Keeping Your Eyeglasses Clean in the Spray Booth

Advice on protecting and cleaning your glasses in an overspray environment. April 24, 2014

Since I spray 5-20 gallons of conversion varnish a week, and I wear glasses, I get the overspray all over them sometimes. The only real solution I've found is to look for cheap eyeglasses that you can get the oleophobic coating on (anti-oil, anti-fingerprint). It's also an anti-glare coating.

At the end of the day, I wipe the glasses off with a clean rag and some mineral spirits (not lacquer thinner, although you can actually use lacquer thinner on polycarbonate with this coating, a few times, but not many).

Since I destroy my eyeglasses in any given year (usually I break them doing something stupid), I get cheapo glasses from somewhere online. I like Zenni optical, and typically I can get polycarbonate lens glasses with the oleophobic coating, in a flex-titanium frame for around $60-75 in my prescription, shipped to my door.

Unfortunately they come from China. I would much rather support my local eye places, but most of them around here are big chains anyhow, and the local eye doctors who sell glasses want $300-400 for a similar product.

Forum Responses
(Finishing Forum)
From contributor R:
I use real tempered glass with metal frames. Clean them with whatever you want.

From contributor L:
You might want to get a product called Never Wet. I believe it is a Rustoleum product that is sold at Home Depot. It's just a guess, but I think it might work for this application. I would suggest you try it on your cheap glasses first.

From contributor X:
I spray all 2k poly, so I wear a fresh air mask. I use the clear film that goes over the shield. When it gets dirty, just peel it off and stick another one on. Off road riders use the same thing called tear offs, used for their goggles, so the lens never gets dirty. I would imagine someone out there makes them for glasses also. If so, you won't ever have to clean your glasses again.

From the original questioner:
I had thought of that, but glass is not a good choice in a shop with potential flying projectiles (I might be on a tablesaw or running the CNC at any given time of day). I prefer not to even have them in the shop lest I forget I'm wearing them and end up with glass nuggets in my eyes. That, and my prescription is so high that the lenses would be as thick as a 2X4. For what it's worth, the oleophobic coating only costs $15 if you order online.

From contributor R:
If you'll notice, I said tempered glass. I've used tempered glass spectacles for over 40 years and never broken one pair. Lost a fortune's worth, but never broken a lens. Oh, and my glasses have been hit or dropped many times without a casualty.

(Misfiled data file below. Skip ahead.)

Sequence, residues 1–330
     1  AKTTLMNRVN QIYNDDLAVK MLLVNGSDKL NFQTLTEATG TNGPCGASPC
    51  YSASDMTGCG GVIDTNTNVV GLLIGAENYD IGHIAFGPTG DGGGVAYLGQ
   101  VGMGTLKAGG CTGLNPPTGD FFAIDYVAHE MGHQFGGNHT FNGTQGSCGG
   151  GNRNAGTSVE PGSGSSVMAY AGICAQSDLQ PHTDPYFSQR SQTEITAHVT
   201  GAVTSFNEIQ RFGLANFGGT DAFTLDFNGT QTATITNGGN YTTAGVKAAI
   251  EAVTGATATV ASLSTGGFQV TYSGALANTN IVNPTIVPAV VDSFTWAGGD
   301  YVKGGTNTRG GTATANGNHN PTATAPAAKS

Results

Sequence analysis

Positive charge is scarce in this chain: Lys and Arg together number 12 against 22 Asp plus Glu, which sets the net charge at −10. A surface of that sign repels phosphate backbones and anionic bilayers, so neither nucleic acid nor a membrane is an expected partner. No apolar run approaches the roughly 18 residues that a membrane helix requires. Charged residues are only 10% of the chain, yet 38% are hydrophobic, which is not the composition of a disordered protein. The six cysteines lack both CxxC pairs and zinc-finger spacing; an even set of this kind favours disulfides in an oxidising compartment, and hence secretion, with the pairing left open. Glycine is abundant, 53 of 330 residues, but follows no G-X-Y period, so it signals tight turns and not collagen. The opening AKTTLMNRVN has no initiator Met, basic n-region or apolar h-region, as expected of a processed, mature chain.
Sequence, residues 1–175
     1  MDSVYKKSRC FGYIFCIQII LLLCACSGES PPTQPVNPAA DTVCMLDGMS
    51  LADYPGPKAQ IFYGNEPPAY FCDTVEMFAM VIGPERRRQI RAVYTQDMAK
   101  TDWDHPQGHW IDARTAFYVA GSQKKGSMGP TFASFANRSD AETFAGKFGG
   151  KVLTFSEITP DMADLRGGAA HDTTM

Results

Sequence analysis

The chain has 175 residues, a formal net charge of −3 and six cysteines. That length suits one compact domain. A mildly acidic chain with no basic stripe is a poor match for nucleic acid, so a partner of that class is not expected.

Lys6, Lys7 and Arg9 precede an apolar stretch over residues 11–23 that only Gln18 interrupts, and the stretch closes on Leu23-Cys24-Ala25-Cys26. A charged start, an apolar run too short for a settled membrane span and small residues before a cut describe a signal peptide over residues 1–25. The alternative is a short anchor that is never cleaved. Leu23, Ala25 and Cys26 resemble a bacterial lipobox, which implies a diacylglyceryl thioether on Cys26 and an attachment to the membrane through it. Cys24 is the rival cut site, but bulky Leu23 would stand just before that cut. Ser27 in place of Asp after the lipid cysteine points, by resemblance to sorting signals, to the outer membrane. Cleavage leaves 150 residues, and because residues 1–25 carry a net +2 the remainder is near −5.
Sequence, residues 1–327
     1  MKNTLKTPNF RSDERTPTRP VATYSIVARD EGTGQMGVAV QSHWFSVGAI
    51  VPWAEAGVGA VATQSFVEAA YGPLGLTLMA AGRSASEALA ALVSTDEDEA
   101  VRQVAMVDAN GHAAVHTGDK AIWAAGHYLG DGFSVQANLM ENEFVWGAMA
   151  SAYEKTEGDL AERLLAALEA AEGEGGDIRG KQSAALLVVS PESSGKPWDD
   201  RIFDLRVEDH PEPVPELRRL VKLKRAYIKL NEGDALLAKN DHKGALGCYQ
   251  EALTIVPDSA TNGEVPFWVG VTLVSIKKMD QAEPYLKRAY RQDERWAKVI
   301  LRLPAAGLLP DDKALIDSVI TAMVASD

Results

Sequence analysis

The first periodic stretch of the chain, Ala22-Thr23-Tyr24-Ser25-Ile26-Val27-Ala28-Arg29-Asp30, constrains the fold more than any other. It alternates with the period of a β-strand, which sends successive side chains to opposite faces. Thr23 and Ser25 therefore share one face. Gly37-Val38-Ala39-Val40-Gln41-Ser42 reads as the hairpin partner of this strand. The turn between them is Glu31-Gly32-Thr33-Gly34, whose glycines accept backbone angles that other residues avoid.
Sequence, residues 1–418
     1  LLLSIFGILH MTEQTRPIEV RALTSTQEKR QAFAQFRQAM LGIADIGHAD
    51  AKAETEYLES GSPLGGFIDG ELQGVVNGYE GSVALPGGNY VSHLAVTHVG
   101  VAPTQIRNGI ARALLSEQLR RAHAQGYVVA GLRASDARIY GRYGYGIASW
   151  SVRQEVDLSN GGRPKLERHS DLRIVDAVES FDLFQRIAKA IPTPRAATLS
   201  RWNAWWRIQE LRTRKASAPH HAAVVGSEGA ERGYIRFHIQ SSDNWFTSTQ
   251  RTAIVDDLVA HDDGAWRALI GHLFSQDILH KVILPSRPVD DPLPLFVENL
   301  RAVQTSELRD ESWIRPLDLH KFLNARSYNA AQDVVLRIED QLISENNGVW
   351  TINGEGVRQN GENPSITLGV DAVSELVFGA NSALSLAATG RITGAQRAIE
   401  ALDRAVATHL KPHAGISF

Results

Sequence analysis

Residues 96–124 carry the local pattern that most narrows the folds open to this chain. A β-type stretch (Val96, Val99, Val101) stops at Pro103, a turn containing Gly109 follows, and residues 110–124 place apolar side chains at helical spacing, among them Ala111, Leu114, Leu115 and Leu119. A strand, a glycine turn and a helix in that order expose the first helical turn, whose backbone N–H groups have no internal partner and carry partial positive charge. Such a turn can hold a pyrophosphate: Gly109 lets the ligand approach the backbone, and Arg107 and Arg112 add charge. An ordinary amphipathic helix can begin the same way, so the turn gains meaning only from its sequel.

From the original questioner:
I'm sure that's the case, but I've spent enough time around tempered glass (which blows into nuggets when they fail). In my case, not worth the risk, nor the 5 pounds of glass that my prescription would require.

From contributor C:
I also wear glasses and I find that buffing on a really thin coat of paste wax allows the over spray to be wiped off with a clean micro fiber rag. I don't spray everyday nor all day, so I don't know if this is a good long term solution or not. I usually get a new pair of glasses every other year or so.

From contributor K:
Real glass. Chunks in eye? Really? Please show me one case on that in any trade accident. Don't take the advice of the people selling plastic lenses. They are cheap and easy to make. That is why glass has fallen out of favor.

From contributor O:
If you need a particular magnification, forget the over the counter specs. I worked side by side with a finisher who was damn near blind in one eye and could see rather normal in the other. The Union Health plan at the time covered his work glasses. Real nice pair with stainless steel frames and glass optics. At the end of the day he would clean them with lacquer thinner and finish up with an alcohol rub. Me, I just get Dr. Deans throwaway glasses and toss 'em if they get scratched enough or smeared enough that they become worthy of a landfill.

From contributor E:
The only practical advantage to plastic lenses over glass is the weight. Everything else sucks. The photo gray transitions work better and get darker with glass and you can clean them with anything without fear of hurting the lenses.

I find that even with plastic lenses, if I stay on top of cleaning them and don't wait too long, I can get just about anything off with denatured alcohol and a micro fiber cloth.

From contributor A:
Try cleaning them with acetone. That's what my optician used when I went in with finish on my glasses and he said it wouldn't damage plastic lenses.

From the original questioner:
Using acetone will not end well with most glasses. Even polycarbonate doesn't withstand acetone very well in terms of maintaining optical clarity. I do know from experience. I am still using these sorts of glasses (polycarbonate with the oleophobic coating) and it still works great. Just plain mineral spirits will clean dried conversion varnish off of them.